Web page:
Stories about: Dr. Tom Jaksic

Isaac’s story: A ‘new normal’ with short bowel syndrome

Isaac stays active with short bowel syndrome

It was the morning after their baby son Isaac had come home from the hospital, and Jennifer and Brian Campbell were performing the same sweet act of bonding as many new parents: giving him a bath in the sink. But as they maneuvered around the room, they suddenly realized something was very wrong. “I fell to the floor and started screaming and crying as formula shot out of his stomach,” remembers Jennifer. “I thought we’d broken him.”

The reality, of course, was that the Campbells were simply adjusting to their new “normal” — something any parent of a medically complex child can understand. Isaac wasn’t a newborn. He had finally been discharged from the hospital after nine months. And his parents hadn’t hurt him. They’d just accidentally pulled out his gastrostomy (G-tube), which provided his body with nutritional support.

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Whatever it takes: Fighting for Michael

Michael doesn't let short bowel syndrome keep him from enjoying sports

Michael stood at the top of the hill, staring down at the glittering white snow. The prospect of skiing to the bottom was scary — on previous trips, he’d refused to try, worried that he would fall. But this time was different. He was ready to take a chance. Attempting to balance without using poles, he pushed himself forward and glided through the powder as his family cheered him on. By the end of the day, the 8-year-old had sailed down the slopes five times, all by himself.

The accomplishment was even more meaningful for his parents, Bill and Lisa Smith, who have watched him fight to survive — and thrive — since he was an infant. “He had some issues with spitting up and turning blue and was diagnosed with acid reflux when he was about a month old,” says Bill. “But we had suspicions that something else was wrong.”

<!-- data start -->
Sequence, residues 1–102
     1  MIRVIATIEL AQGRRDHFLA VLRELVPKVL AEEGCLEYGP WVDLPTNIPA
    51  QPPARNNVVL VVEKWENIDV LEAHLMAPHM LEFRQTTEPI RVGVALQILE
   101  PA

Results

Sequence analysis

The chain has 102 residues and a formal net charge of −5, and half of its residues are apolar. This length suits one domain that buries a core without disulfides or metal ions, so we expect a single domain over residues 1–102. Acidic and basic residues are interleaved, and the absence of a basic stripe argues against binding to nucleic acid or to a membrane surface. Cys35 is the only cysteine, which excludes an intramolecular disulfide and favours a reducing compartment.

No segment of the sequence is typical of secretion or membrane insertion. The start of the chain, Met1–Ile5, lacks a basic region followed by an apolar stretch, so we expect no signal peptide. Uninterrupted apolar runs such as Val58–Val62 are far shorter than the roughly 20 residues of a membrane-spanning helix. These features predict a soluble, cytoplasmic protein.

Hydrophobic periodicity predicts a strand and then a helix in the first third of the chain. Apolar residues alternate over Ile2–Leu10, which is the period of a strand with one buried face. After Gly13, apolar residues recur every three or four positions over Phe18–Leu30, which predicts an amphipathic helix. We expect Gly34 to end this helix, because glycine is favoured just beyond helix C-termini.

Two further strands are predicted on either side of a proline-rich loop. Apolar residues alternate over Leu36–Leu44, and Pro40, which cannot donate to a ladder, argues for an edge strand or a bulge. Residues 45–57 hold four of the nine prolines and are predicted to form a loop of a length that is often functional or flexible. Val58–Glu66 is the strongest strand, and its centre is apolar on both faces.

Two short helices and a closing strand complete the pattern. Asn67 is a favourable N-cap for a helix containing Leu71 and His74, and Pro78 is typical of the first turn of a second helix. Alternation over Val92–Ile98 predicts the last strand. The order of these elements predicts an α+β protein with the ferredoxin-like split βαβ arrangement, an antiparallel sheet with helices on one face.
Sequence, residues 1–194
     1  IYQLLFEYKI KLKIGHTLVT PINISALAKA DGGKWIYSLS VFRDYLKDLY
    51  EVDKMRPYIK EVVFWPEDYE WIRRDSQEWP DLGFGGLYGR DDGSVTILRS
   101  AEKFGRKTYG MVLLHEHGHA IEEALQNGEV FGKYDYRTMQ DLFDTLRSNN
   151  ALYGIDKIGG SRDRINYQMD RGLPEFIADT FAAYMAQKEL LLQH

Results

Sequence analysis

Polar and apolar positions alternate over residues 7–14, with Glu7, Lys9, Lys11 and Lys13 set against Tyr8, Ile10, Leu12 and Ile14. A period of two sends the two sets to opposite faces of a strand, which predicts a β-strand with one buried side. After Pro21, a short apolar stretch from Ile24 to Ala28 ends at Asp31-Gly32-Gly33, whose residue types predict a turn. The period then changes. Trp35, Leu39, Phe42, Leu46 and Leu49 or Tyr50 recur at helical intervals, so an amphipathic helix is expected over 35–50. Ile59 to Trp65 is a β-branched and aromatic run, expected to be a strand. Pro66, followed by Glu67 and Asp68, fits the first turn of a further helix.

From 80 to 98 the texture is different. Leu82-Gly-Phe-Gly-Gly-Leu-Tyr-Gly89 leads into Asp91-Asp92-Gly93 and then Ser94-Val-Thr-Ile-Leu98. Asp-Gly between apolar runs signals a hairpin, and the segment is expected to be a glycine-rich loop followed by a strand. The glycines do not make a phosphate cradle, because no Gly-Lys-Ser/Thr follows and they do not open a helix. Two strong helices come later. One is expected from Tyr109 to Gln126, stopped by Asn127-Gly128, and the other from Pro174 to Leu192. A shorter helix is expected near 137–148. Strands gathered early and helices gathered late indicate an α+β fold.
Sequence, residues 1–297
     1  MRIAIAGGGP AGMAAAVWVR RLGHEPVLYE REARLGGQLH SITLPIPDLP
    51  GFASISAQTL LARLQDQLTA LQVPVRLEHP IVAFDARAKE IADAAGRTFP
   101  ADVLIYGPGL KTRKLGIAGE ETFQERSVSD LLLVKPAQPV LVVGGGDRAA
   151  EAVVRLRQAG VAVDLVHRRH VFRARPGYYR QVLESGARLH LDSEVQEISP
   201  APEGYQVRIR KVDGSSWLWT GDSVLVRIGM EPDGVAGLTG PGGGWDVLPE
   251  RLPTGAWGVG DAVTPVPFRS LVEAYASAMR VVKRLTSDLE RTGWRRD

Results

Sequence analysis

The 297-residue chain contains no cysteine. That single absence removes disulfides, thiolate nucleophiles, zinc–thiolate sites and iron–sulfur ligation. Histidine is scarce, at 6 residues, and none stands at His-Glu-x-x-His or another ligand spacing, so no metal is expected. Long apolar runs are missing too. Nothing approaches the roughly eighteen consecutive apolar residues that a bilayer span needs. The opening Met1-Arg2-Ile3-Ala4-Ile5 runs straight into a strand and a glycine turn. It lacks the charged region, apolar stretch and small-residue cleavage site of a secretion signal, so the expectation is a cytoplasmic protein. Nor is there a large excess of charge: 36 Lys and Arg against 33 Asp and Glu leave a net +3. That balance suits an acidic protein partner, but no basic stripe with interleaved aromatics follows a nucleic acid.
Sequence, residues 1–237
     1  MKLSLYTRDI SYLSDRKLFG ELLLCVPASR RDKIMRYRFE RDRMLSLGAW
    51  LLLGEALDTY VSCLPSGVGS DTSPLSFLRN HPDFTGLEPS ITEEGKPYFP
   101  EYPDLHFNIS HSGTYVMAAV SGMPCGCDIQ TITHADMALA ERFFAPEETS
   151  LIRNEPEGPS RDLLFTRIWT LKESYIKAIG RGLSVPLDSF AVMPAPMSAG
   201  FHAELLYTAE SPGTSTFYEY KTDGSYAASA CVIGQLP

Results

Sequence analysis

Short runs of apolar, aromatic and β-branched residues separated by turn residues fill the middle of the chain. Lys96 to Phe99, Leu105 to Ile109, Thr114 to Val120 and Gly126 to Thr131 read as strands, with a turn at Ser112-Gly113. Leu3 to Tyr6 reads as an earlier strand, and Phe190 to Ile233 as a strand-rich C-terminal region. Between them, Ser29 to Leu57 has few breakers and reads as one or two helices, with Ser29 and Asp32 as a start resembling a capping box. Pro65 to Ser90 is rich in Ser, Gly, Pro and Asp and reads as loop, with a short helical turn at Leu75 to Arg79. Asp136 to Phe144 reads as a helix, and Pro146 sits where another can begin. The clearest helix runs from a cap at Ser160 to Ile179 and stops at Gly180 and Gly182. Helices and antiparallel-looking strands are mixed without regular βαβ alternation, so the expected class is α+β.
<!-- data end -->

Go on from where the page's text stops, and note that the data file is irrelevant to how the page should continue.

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Reena’s story: A bright future with short bowel syndrome

Reena doesn't let short bowel syndrome define her.

She’s just 16, but Reena Zuckerman knows exactly what she wants to be doing in another 10 years. “My dream is to play on the press team in the annual Women’s Congressional Softball Game,” says the aspiring political journalist. Since 2009, the event has pitted members of Congress against the press corps, raising nearly a million dollars for charity. “When I’m not doing schoolwork or watching TV, I’m listening to political podcasts and NPR,” Reena confesses.

It’s an impressive goal, but one that’s no doubt attainable for this driven teen, who’s been pushing herself to defy expectations since she was a baby. Her accomplishments are all the more remarkable considering that she was born with a serious gastrointestinal condition.

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Advocating for Bridget: Coping with Hirschsprung’s disease

Hirschsprung's disease

On June 20, Bridget Landry celebrated a very special day with a hearty steak dinner. But it wasn’t her birthday. Instead, the 10-year-old and her family were marking the sixth anniversary of the day her ostomy bag was removed. As she enjoyed her meal, her parents, Carl and Laura, marveled at just how far their daughter had come. “For her first birthday, she couldn’t even take a bite of cake,” remembers Carl.

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